The Royal Palace

A place of Wonder and City Landmark

Audienzgemach Residenzschloss
Diesen Anblick genoss August der Starke von seinem Thron aus im Audienzgemach.© Staatliche Kunstsammlungen Dresden

In the reign of Augustus the Strong, the Residenzschloss (Royal Palace) was the seat of power in Saxony. And it was him who first granted access to the public. To some extent, it was a flamboyant show of wealth, but on the other hand, it was a pioneering development in museum curation. However, during the bombing raids on Dresden in February 1945, the residential palace burned down completely. Only part of the historical green vault and the cellar remained intact. It has only been rebuilt a few years ago. And shines as splendidly today as it once did. A short tour.

Paradeappartements (State Apartment)

The model of Versailles is quite apparent. Augustus had a new suite of splendid rooms fitted out in the palace. The intention was primarily to impress. The State Apartment served not only for night-time repose but also for politicking. Since autumn 2019, the reconstructed apartments have been reopened to the public.

Kupferstich-Kabinett (Engraving Cabinet)

Over half a million drawings, prints and photographs from the Middle Ages to the present day are preserved here. a. from Dürer, van Eyck, Rembrandt, Piranesi, Fragonard and Friedrich to Toulouse-Lautrec, Kotzsch, Glöckner, Baselitz and Tillmans.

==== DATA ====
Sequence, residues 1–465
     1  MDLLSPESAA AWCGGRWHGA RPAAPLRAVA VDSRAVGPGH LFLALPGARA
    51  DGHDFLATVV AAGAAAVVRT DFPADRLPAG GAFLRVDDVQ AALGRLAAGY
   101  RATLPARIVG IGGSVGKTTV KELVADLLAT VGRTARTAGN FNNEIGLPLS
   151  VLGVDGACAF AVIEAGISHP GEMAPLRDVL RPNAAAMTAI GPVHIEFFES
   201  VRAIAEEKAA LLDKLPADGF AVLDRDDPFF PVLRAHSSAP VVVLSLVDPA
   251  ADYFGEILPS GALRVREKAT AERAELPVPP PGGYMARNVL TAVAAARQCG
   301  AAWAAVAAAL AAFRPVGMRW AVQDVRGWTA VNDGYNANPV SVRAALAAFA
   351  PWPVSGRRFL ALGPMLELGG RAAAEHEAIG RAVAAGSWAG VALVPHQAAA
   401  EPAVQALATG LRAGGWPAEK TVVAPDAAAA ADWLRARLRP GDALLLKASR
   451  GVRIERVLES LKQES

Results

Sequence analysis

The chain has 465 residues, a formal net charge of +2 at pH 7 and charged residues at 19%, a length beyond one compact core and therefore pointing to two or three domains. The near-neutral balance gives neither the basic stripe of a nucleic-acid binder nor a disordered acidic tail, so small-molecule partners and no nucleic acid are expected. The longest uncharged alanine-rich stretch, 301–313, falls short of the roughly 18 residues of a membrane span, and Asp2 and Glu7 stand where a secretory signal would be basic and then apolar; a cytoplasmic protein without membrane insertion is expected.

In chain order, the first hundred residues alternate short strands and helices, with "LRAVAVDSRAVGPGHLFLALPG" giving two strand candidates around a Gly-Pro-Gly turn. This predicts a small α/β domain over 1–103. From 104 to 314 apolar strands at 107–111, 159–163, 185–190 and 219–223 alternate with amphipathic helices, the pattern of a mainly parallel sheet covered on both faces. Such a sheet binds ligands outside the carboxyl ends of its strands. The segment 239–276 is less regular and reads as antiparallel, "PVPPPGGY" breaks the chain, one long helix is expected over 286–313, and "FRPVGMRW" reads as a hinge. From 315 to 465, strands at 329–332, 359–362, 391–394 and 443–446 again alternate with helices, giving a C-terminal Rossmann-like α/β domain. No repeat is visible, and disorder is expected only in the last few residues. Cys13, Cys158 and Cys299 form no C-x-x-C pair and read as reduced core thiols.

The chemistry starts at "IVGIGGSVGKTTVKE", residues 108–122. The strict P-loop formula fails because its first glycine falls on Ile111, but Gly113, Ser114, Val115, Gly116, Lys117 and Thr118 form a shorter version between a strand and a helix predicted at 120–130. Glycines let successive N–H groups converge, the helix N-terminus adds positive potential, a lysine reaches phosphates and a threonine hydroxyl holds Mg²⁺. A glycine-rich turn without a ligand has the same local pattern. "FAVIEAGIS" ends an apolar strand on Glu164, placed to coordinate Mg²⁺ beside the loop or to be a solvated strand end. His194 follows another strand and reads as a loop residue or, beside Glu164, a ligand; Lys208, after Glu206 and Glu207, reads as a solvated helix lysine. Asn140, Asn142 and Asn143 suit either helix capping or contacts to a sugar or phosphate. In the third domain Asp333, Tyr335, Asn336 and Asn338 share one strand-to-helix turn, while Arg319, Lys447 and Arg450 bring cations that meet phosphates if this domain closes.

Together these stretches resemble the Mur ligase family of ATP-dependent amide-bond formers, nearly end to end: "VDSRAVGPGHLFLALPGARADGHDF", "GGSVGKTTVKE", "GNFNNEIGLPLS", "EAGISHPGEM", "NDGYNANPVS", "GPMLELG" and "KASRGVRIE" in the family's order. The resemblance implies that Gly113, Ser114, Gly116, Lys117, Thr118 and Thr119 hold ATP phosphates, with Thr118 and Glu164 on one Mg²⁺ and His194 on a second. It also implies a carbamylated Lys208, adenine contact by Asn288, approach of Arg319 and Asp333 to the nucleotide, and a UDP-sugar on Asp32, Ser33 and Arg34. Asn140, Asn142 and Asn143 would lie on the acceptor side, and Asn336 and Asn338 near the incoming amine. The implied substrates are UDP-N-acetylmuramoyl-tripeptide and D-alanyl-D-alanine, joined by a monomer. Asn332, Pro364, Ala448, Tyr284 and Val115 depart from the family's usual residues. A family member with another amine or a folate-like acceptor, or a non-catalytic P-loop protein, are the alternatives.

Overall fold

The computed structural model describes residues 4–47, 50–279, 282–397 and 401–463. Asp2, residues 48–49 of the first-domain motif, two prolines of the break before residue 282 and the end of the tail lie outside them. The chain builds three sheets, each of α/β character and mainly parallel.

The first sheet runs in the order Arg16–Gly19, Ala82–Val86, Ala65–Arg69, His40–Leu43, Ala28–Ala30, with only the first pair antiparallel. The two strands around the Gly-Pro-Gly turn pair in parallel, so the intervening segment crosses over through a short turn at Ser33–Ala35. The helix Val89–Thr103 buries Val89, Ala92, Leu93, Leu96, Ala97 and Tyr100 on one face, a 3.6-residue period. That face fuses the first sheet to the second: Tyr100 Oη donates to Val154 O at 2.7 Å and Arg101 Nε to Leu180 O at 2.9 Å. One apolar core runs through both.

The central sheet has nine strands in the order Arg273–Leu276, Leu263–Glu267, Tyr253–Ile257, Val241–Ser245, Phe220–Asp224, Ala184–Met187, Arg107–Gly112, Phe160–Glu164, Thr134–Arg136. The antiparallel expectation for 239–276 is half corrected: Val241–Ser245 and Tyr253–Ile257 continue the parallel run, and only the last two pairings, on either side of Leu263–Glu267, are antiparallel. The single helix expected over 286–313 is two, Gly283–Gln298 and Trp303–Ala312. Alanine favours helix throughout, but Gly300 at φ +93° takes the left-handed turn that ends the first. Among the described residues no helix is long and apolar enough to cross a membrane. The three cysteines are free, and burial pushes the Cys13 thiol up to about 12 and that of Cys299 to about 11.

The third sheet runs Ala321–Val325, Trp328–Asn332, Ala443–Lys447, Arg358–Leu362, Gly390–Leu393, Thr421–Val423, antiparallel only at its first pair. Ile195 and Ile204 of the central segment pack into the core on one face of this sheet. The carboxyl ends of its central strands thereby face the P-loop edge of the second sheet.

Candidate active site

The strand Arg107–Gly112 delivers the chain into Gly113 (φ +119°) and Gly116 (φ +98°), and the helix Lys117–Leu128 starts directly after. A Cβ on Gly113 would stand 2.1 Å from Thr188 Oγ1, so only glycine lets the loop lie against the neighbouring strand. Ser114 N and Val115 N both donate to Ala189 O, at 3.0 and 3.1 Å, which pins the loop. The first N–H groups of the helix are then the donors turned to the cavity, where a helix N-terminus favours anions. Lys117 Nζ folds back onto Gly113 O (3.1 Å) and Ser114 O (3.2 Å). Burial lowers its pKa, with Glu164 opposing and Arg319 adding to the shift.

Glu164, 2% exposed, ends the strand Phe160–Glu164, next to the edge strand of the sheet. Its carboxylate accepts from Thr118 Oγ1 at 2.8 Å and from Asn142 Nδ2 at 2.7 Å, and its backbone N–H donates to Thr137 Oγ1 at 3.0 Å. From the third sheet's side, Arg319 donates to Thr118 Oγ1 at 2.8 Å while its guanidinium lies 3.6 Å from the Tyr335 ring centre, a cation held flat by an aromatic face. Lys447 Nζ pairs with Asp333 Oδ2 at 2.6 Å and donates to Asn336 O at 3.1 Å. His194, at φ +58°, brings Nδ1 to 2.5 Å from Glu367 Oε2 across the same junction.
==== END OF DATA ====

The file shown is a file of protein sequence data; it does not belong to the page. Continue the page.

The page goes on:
Kleiner und Großer Schlosshof (Minor and major castle yard)

Seen from a height, the Kleiner Schlosshof stands out by virtue of its plastic canopy designed by Peter Kulka. It is made from ETFE, an ultra-modern material that is more commonly used in the roofing of sports stadiums. Large parts of the large castle courtyard have already been reconstructed – the sgraffito facades are almost finished. This involves carefully scraping off the top layer of plaster to expose the elaborate murals beneath.

Old Masters seen in a fresh light

After seven years of renovation, much has changed in the Gemäldegalerie Alte Meister. The paintings now hang alongside the Dresden Sculpture Co

Grünes Gewölbe (Green Vault)

“One might almost think that one had been transported to a fairy palace,” wrote an enchanted Schopenhauer. The Grünes Gewölbe was where Augustus kept and displayed his treasures. The Historic Green Vault is a synthesis of the arts that is rooted in the Baroque period. It presents no less than 550 square metres of mirror surface and contains treasures of inestimable value. The New Green Vault in the same wing has on display the largest green diamond in the world. Individual items were stolen from the exhibition in a heist during the early hours of 25th November 2019.



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Richly decorated armor, firearms, swords and sabers made of precious metals, but also magnificent clothes and riding gear – all these objects are united in the Dresden Armory. The collection, which emerged from the possession of the Saxon dukes and electors, is one of the most valuable collections of ceremonial weapons and costumes in the world and, with around 13,000 individual items, is also one of the largest.

The Royal Palace – Residenzschloss Dresden

Altstadt // Taschenberg 2

Daily 10 a.m. to 5 p.m., closed on Tuesdays

Tickets 14 euros, reduced 10.50 euros (valid for: New Green Vault, Turkish Chamber, Armory in the Giant Hall, Royal Parade Rooms of August the Strong and Porcelain Cabinet, current special exhibitions in the Kupferstich-Kabinett, except for the Historical Green Vault)

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